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DHEA protects human cholangiocytes and hepatocytes against apoptosis and oxidative stress

Autores: Kilanczyk, E. (Autor de correspondencia); Ruminkiewicz, D.; Bañales Asurmendi, Jesús; Milkiewicz, P.; Milkiewicz, M.
Título de la revista: CELLS
ISSN: 2073-4409
Volumen: 11
Número: 6
Páginas: 1038
Fecha de publicación: 2022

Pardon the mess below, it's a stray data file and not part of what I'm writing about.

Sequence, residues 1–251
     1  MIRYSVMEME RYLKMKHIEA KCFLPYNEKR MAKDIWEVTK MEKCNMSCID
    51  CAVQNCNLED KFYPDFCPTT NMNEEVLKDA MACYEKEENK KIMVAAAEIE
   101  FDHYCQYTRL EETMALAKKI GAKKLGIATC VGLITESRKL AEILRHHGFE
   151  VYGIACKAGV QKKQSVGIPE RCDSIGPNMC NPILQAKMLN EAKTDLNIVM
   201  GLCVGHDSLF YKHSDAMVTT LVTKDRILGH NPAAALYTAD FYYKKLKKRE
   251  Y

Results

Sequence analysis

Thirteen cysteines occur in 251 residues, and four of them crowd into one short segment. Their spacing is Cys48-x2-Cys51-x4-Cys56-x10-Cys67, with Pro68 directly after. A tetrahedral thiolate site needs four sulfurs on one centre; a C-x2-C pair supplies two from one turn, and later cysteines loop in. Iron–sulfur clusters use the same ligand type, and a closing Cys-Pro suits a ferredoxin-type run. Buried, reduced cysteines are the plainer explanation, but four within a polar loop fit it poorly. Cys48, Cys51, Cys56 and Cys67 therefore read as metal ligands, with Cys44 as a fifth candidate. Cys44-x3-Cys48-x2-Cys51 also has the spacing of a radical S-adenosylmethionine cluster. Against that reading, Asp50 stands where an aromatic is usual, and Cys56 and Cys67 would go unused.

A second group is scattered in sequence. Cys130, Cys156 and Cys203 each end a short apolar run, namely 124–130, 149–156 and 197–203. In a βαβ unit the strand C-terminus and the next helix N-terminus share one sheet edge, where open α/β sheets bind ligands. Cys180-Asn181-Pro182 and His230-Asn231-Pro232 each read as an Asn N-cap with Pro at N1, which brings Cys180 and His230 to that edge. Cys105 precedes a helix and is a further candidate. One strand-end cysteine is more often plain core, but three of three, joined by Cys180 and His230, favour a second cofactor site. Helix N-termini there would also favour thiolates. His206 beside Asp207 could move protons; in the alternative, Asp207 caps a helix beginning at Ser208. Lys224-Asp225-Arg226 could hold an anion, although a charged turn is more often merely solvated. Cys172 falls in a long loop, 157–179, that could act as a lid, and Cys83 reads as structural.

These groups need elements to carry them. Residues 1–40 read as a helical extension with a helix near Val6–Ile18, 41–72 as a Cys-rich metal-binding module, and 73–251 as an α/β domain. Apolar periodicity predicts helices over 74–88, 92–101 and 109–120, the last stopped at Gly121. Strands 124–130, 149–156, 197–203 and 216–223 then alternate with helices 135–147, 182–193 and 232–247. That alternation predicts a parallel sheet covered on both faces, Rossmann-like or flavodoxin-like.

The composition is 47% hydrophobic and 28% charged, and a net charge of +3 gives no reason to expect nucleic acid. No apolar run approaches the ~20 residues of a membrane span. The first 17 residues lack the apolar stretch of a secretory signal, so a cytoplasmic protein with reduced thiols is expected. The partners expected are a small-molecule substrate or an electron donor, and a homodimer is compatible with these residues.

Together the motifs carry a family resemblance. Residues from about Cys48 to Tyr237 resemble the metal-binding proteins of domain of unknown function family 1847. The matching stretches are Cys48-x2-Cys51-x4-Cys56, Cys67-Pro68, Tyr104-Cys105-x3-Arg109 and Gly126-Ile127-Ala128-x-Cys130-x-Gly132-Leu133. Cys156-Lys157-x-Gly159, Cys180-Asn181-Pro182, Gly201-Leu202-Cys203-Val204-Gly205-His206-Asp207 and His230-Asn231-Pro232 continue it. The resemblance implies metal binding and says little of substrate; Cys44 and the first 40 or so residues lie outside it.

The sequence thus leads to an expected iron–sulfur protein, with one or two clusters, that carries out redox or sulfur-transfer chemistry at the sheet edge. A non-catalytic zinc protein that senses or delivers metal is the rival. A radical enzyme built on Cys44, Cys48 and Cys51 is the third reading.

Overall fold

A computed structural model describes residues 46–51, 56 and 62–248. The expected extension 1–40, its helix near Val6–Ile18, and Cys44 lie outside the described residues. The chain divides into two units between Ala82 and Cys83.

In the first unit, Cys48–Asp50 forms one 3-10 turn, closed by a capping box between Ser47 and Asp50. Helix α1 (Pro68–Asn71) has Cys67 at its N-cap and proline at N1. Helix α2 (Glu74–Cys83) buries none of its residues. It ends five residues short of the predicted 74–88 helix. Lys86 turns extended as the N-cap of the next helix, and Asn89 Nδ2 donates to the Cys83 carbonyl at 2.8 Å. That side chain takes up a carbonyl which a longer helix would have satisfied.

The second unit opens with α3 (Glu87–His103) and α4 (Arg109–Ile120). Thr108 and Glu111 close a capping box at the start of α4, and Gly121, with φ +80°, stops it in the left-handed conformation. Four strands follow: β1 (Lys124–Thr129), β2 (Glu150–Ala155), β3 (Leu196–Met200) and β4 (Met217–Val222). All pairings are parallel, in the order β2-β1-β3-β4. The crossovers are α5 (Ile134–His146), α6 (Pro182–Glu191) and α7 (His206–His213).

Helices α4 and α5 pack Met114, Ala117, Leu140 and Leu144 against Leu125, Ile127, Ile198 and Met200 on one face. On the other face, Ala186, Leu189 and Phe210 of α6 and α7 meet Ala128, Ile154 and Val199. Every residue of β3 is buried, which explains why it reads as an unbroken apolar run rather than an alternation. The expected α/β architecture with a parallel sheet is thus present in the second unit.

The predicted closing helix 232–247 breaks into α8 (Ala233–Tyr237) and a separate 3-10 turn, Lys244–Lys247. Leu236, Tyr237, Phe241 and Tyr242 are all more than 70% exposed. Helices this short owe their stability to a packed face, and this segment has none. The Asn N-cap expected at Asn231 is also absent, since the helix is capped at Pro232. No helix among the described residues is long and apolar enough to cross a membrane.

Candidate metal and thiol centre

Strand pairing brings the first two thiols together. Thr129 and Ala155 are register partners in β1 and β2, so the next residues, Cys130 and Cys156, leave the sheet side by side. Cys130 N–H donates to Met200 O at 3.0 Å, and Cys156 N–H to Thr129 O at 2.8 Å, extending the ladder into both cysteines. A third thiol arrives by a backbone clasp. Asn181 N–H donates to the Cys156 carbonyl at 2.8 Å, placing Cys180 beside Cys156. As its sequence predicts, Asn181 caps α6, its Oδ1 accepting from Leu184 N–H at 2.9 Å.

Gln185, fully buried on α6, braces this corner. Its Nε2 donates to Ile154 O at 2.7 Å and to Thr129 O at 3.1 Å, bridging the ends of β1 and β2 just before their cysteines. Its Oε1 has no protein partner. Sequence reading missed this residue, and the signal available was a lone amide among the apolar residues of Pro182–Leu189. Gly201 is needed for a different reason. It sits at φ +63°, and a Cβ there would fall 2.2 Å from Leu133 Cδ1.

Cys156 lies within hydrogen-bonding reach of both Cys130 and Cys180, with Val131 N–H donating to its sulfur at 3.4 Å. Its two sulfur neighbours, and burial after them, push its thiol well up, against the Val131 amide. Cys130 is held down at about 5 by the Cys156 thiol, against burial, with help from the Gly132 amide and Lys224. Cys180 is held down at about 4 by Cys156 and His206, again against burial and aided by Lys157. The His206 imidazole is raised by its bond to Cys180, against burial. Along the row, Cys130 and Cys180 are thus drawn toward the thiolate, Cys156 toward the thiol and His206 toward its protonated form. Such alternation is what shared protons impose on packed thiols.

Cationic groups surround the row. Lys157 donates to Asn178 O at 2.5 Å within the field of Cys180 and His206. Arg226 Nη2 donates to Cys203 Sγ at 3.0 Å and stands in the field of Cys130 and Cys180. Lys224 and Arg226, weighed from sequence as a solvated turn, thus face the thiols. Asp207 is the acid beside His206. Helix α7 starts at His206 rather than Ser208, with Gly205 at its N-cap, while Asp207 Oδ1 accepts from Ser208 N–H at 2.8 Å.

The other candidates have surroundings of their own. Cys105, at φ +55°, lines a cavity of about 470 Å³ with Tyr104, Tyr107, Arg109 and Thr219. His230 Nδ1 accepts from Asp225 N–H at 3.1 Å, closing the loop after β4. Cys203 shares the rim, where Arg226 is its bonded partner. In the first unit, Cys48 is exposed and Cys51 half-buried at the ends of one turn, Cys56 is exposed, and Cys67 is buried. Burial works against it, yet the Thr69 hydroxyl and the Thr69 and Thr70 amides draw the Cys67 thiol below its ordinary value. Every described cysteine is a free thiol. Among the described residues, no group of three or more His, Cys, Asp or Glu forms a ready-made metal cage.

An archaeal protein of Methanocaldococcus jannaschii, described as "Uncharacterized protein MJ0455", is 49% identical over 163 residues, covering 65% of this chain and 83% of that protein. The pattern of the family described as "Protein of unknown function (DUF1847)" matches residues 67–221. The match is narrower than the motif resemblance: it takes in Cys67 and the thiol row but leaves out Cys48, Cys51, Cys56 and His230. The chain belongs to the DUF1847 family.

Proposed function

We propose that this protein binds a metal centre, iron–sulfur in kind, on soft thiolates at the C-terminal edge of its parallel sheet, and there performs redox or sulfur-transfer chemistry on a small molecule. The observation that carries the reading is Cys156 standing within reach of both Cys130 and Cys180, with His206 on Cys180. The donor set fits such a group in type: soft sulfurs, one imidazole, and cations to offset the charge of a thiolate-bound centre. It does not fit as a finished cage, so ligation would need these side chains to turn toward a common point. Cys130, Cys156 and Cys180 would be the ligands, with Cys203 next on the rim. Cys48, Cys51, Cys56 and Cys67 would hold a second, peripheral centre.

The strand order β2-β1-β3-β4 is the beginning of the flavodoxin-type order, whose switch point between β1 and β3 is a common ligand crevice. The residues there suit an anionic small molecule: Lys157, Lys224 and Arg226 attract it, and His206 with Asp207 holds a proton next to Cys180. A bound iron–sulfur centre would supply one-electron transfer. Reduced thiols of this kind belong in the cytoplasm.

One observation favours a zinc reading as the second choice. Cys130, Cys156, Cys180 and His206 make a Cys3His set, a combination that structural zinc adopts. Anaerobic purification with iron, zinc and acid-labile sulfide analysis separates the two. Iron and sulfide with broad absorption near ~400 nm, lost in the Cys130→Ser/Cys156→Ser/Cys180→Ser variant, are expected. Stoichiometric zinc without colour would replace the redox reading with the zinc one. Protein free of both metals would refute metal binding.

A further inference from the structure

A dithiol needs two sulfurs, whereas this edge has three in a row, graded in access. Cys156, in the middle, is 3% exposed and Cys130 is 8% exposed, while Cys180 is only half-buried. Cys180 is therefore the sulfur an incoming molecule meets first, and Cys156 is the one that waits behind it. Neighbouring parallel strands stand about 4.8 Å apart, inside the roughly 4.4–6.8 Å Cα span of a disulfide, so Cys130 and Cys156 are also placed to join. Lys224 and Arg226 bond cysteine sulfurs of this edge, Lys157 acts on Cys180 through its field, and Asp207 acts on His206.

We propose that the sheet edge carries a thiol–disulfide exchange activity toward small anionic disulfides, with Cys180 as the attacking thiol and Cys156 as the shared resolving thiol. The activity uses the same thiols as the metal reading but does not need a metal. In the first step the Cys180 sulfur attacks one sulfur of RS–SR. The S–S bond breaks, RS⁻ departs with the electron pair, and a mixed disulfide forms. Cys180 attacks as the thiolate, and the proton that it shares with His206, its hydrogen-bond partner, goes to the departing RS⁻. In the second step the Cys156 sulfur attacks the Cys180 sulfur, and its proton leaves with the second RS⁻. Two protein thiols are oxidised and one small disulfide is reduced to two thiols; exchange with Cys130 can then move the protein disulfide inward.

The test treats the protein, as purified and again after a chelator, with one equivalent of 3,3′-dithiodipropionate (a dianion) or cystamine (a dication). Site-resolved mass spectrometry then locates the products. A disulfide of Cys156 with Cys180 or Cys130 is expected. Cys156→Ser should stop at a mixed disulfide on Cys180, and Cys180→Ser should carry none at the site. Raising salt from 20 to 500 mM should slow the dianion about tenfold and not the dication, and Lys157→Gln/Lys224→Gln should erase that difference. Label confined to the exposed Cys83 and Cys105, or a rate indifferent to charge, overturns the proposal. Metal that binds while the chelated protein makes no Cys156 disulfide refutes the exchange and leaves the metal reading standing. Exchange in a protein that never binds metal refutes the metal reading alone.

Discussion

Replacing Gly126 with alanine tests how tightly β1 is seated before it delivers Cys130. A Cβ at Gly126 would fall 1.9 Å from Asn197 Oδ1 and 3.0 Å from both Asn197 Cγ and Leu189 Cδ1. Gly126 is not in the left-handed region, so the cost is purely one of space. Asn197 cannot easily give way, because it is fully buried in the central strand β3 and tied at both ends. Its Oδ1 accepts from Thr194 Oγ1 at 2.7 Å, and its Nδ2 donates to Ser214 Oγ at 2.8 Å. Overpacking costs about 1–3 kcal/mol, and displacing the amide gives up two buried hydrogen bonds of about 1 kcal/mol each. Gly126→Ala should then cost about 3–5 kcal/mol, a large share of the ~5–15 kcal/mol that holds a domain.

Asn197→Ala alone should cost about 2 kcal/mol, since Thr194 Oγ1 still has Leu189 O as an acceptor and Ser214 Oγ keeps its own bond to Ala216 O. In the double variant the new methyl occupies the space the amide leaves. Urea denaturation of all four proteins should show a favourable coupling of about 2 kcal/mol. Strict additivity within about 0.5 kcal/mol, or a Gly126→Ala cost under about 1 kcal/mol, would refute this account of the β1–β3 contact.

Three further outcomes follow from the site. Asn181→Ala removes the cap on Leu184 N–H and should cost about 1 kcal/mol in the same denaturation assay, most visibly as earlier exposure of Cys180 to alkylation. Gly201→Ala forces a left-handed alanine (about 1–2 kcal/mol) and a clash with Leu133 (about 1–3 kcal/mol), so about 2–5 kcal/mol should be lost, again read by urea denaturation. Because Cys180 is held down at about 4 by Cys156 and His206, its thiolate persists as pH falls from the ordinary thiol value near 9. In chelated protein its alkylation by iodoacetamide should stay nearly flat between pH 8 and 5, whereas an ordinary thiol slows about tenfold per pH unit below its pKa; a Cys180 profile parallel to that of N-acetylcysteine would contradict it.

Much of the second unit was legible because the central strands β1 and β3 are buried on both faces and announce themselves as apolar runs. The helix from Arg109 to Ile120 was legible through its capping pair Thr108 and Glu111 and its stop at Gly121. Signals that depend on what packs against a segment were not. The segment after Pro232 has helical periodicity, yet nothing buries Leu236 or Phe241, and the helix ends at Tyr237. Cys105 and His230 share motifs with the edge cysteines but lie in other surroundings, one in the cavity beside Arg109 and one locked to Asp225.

Primary biliary cholangitis (PBC) is a rare chronic cholestatic and immune-mediated liver disease of unknown aetiology that targets intrahepatic bile duct cells (cholangiocytes) and primarily affects postmenopausal women, when their estrogen levels sharply decrease. An impaired cholangiocyte response to estrogen characterizes the terminal stage of the disease, as this is when an inefficiency of cholangiocyte proliferation, in balancing the loss of intrahepatic bile ducts, is observed. Here, we report that the estrogen precursor dehydroepiandrosterone (DHEA) and its sulfate metabolites, DHEA-S and 17 beta-estradiol, enhance the proliferation of cholangiocytes and hepatocytes in vitro. Flow cytometry analysis showed that DHEA and DHEA-S decreased glyco-chenodeoxycholic acid (GCDC)-driven apoptosis in cholangiocytes. Cell viability assay (MTT) indicated that ER-alpha, -beta, and the G-protein-coupled estrogen receptor, are involved in the protection of DHEA against oxidative stress in cholangiocytes. Finally, immunoblot analysis showed an elevated level of steroid sulfatase and a reduced level of sulfotransferase 1E1 enzymes, involved in the desulfation/sulfation process of estrogens in cirrhotic PBC, and primary sclerosis cholangitis (PSC) liver tissues, another type of chronic cholestatic and immune-mediated liver disease. Taken together, these results suggest that DHEA can prevent the deleterious effects of certain potentially toxic bile acids and reactive oxygen species, delaying the onset of liver disease.